1/4 cup chopped cilantro (or more, depending on your cilantro preference)
1/4 cup chopped flat leaf parsley
6 cloves of garlic whole or quartered, your choice
1 cup of rice (optional)
3 bay leaves
1 tablespoon of salt or more to taste
20 black peppercorns
5 allspice berries
4 limes, cut in half

All vegetables below should be chopped to your liking, but I like about 1/2 inch cubed to fit in my spoon. Don't do it too fine, this is a hearty soup!

2 large potatoes (or 6 small potatoes)
2 medium onions
2 carrots
4 stalks celery
2 guisquiles (chayote)
3 small zucchini's or yellow squash
1 turnip
1/4 lb of green beans (ejotes) cut in half
Other vegetable options: corn, cabbage, yucca root

Put the whole chicken (with giblets, if that's your thing) and all chopped vegetables in a large pot. Add salt and bay leaves, peppercorns, allspice berries, garlic, cilantro and parsley. Cover with water. Bring to a boil. Bring down to a gentle simmer and add rice (optional).

Cook for 1.5 hours at gentle simmer, adding water when needed to keep everything covered. After 1.5 hours chicken should fall apart with touch of a spoon. Break chicken apart in the pot. Leave the bones — people can pick them out of their bowls.

Add salt and pepper to taste. The longer you cook it, the better it gets, but it can be served after 1.5 hours. Serve with half a lime (and more sliced up on the table) and thick Salvadoran tortillas.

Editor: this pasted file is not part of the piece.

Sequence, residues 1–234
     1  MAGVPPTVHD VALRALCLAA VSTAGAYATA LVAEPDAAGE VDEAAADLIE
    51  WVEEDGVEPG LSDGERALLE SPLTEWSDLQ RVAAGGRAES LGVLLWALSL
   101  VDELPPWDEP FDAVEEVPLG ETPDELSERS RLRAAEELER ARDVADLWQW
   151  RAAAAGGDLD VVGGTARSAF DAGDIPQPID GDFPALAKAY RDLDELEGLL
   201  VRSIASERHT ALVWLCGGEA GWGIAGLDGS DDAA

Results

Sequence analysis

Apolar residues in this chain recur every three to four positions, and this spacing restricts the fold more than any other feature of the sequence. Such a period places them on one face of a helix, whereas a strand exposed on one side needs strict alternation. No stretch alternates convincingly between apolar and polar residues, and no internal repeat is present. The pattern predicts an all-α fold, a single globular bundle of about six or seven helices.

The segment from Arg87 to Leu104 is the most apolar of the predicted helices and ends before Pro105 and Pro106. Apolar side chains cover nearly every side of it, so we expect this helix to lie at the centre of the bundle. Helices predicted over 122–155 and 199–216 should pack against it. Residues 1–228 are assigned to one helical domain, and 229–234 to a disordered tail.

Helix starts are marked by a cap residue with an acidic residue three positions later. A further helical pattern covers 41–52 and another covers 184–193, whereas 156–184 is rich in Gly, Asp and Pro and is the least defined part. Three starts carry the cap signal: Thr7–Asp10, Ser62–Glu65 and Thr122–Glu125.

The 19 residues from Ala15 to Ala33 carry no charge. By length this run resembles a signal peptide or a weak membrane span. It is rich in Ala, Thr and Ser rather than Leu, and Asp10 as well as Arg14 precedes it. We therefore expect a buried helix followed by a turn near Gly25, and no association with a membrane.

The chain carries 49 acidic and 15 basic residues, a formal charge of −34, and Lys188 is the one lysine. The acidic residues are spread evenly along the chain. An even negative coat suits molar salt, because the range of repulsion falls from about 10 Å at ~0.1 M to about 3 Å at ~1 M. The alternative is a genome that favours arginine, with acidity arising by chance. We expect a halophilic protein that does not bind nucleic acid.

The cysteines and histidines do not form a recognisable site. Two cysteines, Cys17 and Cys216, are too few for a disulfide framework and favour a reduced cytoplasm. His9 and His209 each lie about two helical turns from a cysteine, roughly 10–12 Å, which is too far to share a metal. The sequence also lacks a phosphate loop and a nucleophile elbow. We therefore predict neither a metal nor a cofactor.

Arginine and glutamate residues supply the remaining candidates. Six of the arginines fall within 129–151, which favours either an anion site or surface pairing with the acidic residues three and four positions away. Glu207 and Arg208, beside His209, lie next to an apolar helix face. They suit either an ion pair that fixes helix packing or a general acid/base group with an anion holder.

Original recipe from The Mash-Up Americans

Fideos (Mexican Lokshen)

My mom expertly cooks up fusion recipes like fideos, a noodle dish with a smoky, spicy tomato touch. While it's a traditional Mexican dish, noodles are a very common dish in Eastern European cuisine, too, where they're called lokshen. This recipe for "Mexican lokshen" comes from my mom's blog, Challa-peño. (I've previously reported on the origins of the blog and my family's intersection of Mexican and Jewish cuisines.)


3 tablespoons canola oil
1 8- to 9-ounce package of angel hair pasta nests
1 15-ounce can tomato sauce
2 ripe tomatoes quartered
1/8 onion
2 garlic cloves
2 cups water
1 teaspoon salt
1/4 – 1/2 teaspoon crushed red chili peppers (optional)

Alex Schmidt's mother, Susan, shows how to make fideos step by step.

Susan Schmidt YouTube

Pour the canola oil into a large pot and warm it up over medium heat. Place the pasta nests in the pot and spread them out in a single layer on top of the oil. Allow the nests to toast to a golden brown. When one side has browned, turn them over with a pair of tongs and brown them on the other side.

When the pasta nests have browned on both sides, break them up with the pair tongs, lower the heat and continue to mix consistently.

Raise the heat to high, and when the pot is very hot, add the sauce from the blender. Bring the noodles in the sauce to a boil, stir well, lower the heat, cover and allow the noodles to simmer for five to seven minutes. You will now see that most of the sauce has been absorbed, and the fideos are cooked. Remove them from heat and transfer them to a serving dish. The fideos will continue to absorb the sauce.

If desired, sprinkle the crushed chili peppers over the fideos, serve very hot and enjoy!

Original recipe from Challa-peño